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Find a structured way to take over T20: Lara urges ICC to save Test cricket

NEW DELHI, May 8: Admitting that T20 competitions have eaten up a lot of space in Test cricket, West Indies legend Brian Lara has appealed to the ICC to intervene and give structure to the ruthless invasion of the franchise-based tournaments.
In the latest case to raise questions about the relevance of Tests, South Africa recently sent an underperforming team to New Zealand because their first-choice players were involved at home in the SA20.
“I think ICC needs to put its heads together and find a way for franchise cricket to take over but in a much more structured way and not in terms of the free fall that is going on at the moment,” Lara said in an interaction with PTI editors at the headquarters, which was facilitated by Star Sports, where he is a commentator and pundit for the ongoing IPL.
“I hope the astute thinkers can find a way to ensure (Test) remains relevant. I love the Test Championship and I think it is important to ensure the game remains relevant.”
Is cricket now taking the football route, where competitions take precedence over international assignments?
While Lara agreed with this point in principle, he also found differences in the two models.
“Well, yes (cricket according to the football style). Let’s look at football. For example, in addition to the major cups – European Cups, World Cup, South American Cups – they can also have a few friendly matches. So Barcelona, ​​Manchester United, Manchester City, they generally have their footballers for eleven months a year.
“That seems to work for football. It also eases the burden on each country to find ways to make money by organizing football matches,” Lara began.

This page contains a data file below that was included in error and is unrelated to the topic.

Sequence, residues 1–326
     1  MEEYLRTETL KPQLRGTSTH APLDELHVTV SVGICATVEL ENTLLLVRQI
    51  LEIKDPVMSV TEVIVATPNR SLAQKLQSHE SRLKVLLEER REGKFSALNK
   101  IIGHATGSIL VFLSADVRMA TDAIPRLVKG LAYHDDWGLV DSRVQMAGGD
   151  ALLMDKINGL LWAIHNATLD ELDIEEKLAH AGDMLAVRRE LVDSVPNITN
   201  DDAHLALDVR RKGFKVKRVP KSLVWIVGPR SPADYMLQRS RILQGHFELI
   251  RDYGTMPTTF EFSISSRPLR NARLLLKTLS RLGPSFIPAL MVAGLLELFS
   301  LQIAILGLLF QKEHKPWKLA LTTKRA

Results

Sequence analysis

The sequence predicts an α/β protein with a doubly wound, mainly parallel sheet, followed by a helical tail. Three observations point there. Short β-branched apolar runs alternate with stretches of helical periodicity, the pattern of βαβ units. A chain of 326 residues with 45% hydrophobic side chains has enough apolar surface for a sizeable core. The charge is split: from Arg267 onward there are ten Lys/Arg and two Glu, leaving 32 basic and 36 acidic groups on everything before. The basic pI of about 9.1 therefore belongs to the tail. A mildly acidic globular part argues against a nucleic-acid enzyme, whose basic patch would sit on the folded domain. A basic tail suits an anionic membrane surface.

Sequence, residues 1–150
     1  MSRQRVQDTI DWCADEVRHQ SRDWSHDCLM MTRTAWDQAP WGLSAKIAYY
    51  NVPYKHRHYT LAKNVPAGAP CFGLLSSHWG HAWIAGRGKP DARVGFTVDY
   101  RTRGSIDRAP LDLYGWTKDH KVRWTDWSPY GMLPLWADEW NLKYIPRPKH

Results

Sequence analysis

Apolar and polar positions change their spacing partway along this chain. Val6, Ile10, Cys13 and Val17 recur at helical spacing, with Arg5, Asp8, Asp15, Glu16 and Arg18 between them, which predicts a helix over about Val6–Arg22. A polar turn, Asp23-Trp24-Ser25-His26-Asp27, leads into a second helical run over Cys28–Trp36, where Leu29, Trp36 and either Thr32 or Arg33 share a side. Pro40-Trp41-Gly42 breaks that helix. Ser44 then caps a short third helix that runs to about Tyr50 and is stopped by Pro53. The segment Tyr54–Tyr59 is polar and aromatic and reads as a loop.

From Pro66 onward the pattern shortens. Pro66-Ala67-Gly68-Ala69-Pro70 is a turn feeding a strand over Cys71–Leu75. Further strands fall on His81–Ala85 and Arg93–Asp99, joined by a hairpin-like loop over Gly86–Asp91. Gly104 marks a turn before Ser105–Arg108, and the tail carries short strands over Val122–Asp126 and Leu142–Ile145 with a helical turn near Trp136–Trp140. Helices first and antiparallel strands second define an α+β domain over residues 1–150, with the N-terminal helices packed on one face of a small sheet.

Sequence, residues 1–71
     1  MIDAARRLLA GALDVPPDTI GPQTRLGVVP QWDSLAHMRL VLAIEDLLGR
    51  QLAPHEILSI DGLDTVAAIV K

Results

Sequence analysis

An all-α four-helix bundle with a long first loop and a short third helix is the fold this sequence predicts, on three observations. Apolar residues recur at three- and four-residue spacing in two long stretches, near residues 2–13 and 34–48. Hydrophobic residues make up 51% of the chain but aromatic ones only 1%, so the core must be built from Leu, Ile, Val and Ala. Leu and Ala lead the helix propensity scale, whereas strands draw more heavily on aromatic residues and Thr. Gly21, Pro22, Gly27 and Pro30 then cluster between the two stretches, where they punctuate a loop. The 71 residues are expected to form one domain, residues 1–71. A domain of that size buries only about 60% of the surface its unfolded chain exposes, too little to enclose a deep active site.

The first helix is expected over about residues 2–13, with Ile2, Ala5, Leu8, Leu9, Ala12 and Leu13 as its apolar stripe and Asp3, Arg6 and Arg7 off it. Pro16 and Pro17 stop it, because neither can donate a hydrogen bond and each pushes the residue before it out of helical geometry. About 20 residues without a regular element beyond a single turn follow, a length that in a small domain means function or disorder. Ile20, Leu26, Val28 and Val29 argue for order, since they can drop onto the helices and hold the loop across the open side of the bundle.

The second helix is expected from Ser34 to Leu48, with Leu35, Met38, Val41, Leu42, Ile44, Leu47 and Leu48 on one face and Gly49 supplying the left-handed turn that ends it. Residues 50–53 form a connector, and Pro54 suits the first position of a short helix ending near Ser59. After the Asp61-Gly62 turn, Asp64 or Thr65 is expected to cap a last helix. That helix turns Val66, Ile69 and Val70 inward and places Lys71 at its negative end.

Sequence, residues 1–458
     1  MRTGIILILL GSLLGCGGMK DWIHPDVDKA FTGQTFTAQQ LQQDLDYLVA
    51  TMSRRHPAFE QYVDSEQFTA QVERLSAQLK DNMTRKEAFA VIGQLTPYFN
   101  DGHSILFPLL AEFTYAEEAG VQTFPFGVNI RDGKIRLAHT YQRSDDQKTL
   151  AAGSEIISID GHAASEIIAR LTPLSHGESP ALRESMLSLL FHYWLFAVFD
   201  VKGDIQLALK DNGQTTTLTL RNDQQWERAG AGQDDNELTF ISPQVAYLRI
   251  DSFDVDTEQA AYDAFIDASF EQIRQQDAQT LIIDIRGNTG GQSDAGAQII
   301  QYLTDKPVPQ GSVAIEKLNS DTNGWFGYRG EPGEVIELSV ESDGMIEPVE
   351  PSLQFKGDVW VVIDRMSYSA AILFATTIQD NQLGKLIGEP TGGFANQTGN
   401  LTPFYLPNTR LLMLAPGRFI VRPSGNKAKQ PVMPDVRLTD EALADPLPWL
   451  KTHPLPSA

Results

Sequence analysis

But Lara said the wealth being amassed between three major countries – India, Australia and England – presents a very different scenario in cricket.
“West Indies are now in a situation where our receipts cannot help us survive. So we are very grateful when India tours the West Indies. There’s a lot of money going around for TV rights, which is great.
“So it’s hard to see outside the big three – Australia, England and India – how countries will survive when things are tough for them economically.”
From a cricketing perspective, the elegant left-hander said teams that often don’t have their best players also make things difficult for teams outside the big three.
Lara may have had someone like Trent Boult in mind after the pacer recently turned down the New Zealand central contract to become a T20 freelancer.
“Secondly, they (teams) do not have their best players because their best players earn a living for their families elsewhere (leagues),” he added.
In March this year, BCCI had introduced a Test Cricket Incentive Scheme, an additional reward structure on top of the existing match fees, to ensure parity with match fees in other formats and competitions.
Lara welcomed the move but added that bringing spectators to the ground was just as important to maintain the game and sponsors’ interest.
“The incentive, or what BCCI is doing because they have the money, is one aspect of that. Of course, the reward for the players is great to keep them interested in the game.
“But if you walk into a Test match and there is no one at that Test match, it is not encouraging. Try to get them (crowd) back into the ground,” Lara said.
The Trinidadian said having a stadium filled to the brim is also important from the sponsors’ point of view.
“I’m pretty sure you’ve experienced it in India, where a sponsor would rather spend his money on three hours of cricket than on five days of cricket. “Hey, you have five days to promote your product.”
“The business person will say, ‘But there is no one to advertise to. Give me three hours. I will pay even more money.’ So I think getting the audience back is also something that needs to be discussed,” he explained.
While Lara has little doubt that the T20 format will meet the demands of spectators, he said modern viewers need to be educated about the unique ebbs and flows of five-day cricket.
‘Well, I hope this is not the case (the test does not lose its relevance). The shorter version of the game has been adopted and it is entertainment and that is what people are looking for. We have not educated the contemporary audience about the importance of batting a session and not losing a wicket.” (PTI)